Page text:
Teachers will object that there is not enough time to do this because standardized testing  mandates the teaching of so much material, and anyway students don’t need to know how to write a running hand in the digital age.

Have we really reached the stage where teachers don’t have ten minutes of discretionary time in the school day?

As for “need,” of course students don’t “need” cursive writing the way Charles Dickens, or for that matter our great grandmothers “needed” it, but they do need to be able to think their way carefully through a sentence; they need to think creatively and imaginatively, and they need to build neural connections that lead to increased language fluency. Neuroscientific studies indicate that overcoming the motor challenge posed by cursive writing leads to these outcomes.

But more research is needed to explore the effect writing in cursive has on the brain before we jettison it from the curriculum! Bill Gates, are you listening?

And as an afterthought: Did you know J.K Rowling wrote the first drafts of the Harry Potter books by hand?

Education · Handwriting

Today is National Handwriting Day—Taking a Long and Optimistic View

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And the winner is—cursive handwriting

The folks at WordPress, the company that hosts this blog, kindly provide bloggers with statistics at the end of the year that show their most popular posts. And the winner for ‘Hints and Echoes” by a wide margin is—the June 28 post, “Cursive Handwriting: Should We Care If It Disappears?” Since it seems to be such a popular topic, I decided to give it some more thought.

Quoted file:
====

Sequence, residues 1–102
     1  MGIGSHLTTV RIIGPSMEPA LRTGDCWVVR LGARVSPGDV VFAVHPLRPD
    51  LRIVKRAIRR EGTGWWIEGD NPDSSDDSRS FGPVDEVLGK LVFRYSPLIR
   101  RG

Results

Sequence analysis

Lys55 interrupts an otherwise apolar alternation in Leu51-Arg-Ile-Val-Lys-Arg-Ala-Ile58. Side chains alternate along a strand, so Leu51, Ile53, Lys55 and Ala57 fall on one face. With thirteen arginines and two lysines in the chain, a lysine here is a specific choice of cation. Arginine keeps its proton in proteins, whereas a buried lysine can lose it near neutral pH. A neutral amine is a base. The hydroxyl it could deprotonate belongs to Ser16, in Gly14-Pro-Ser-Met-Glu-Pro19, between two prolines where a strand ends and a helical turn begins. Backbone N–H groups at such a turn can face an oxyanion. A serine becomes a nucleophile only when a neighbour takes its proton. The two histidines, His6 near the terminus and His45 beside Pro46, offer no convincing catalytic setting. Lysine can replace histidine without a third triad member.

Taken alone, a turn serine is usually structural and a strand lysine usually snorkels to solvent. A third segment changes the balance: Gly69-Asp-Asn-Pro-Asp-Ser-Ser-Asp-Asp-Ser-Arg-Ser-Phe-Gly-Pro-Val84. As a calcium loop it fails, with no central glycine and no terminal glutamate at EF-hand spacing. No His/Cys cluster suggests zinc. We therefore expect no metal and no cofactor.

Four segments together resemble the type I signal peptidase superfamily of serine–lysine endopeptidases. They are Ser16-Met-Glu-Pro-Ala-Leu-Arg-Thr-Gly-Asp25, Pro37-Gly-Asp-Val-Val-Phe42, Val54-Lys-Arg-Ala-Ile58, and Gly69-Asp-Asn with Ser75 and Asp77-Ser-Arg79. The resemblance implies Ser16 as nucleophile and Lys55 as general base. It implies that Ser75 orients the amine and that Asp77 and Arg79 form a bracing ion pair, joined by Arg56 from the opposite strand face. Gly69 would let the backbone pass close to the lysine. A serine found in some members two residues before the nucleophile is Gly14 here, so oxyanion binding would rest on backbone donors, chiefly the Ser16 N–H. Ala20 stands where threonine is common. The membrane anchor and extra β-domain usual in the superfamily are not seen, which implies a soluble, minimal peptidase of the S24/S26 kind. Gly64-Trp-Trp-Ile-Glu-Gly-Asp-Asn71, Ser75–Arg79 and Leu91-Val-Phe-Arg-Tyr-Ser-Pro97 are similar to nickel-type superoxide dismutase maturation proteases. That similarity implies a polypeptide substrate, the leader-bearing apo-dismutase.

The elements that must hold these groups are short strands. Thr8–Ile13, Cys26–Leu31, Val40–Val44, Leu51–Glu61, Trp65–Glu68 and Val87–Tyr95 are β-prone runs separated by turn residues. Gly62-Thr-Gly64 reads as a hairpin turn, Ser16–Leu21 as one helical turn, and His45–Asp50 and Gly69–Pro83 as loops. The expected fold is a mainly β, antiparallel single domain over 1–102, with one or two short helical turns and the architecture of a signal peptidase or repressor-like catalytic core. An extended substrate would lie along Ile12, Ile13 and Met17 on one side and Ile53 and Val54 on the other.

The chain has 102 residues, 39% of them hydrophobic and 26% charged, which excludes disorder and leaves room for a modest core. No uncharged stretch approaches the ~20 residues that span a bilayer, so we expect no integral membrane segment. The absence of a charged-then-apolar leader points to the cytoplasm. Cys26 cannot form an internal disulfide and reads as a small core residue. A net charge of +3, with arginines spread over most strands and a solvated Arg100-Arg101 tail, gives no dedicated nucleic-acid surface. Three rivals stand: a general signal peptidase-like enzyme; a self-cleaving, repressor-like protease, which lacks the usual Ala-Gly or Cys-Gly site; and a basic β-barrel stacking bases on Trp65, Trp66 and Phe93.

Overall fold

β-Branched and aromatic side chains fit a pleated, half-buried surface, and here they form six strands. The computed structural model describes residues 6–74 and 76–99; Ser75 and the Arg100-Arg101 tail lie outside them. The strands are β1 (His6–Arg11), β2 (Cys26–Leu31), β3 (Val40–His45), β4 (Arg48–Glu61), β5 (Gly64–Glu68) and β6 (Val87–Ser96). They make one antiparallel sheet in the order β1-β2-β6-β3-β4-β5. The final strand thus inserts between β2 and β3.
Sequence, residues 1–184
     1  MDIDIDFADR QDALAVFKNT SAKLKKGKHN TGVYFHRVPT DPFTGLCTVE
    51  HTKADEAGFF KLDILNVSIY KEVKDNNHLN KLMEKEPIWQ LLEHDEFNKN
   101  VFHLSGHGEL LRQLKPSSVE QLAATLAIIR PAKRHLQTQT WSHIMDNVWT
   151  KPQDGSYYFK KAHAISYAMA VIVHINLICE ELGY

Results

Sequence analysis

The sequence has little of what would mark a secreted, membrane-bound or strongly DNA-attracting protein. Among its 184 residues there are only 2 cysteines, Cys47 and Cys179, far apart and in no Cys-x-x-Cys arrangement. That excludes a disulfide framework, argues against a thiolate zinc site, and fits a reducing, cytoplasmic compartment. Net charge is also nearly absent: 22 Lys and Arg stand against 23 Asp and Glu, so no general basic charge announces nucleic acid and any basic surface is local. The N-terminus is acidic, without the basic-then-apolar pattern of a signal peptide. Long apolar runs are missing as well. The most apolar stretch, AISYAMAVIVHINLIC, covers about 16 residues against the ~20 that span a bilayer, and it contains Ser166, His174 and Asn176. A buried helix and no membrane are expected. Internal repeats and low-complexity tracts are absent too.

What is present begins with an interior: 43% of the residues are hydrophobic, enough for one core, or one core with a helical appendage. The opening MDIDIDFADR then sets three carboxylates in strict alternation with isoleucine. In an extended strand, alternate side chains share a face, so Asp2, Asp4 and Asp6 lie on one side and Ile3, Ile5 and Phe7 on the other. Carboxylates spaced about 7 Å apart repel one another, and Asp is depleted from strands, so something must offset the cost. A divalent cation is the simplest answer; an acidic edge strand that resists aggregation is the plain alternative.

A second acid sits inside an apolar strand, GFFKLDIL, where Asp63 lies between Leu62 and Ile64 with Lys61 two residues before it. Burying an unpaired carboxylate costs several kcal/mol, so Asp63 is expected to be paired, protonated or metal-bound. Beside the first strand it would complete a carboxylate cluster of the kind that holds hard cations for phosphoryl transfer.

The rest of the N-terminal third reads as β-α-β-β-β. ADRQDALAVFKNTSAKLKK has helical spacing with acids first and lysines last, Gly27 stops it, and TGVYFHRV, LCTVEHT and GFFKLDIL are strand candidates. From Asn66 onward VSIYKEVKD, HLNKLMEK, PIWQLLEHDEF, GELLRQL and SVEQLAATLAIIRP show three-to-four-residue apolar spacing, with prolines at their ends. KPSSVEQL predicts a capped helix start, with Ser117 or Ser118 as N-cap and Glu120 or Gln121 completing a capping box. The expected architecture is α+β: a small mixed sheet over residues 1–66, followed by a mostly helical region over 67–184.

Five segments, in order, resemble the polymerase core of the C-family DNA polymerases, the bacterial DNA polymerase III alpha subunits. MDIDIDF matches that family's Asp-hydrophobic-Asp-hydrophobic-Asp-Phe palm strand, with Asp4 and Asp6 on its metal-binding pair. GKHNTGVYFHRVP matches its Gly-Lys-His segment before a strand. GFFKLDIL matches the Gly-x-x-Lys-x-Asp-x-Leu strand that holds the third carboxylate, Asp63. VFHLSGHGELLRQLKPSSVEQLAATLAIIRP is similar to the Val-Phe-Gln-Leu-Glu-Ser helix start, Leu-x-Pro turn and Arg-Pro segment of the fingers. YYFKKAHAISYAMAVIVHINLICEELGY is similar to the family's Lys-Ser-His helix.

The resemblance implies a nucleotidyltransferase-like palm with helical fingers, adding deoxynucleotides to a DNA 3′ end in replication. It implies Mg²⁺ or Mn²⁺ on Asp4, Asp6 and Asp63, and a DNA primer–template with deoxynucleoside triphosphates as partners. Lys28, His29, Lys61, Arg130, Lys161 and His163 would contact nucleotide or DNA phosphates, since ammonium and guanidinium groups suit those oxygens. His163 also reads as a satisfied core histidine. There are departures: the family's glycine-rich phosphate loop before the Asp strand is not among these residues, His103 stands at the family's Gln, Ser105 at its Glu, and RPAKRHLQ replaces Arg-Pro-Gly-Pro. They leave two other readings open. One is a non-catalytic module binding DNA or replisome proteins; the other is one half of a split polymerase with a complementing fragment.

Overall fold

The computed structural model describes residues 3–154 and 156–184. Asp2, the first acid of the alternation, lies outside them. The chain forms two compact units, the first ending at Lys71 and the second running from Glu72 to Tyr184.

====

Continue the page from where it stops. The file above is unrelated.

When I voiced my opinion on the subject in June, I tended to think that regretfully handwriting was a disappearing practice, but now, I think I’ve been looking at it the wrong way. It’s not a question of an old technology (cursive handwriting)  giving way to a new technology (word processing), and the old technology becoming obsolete. After all, we are not going to stop manufacturing hands and fingers. Should we decide to reintroduce the teaching and practice of handwriting in our schools after it has virtually disappeared in society, it would be a simple matter.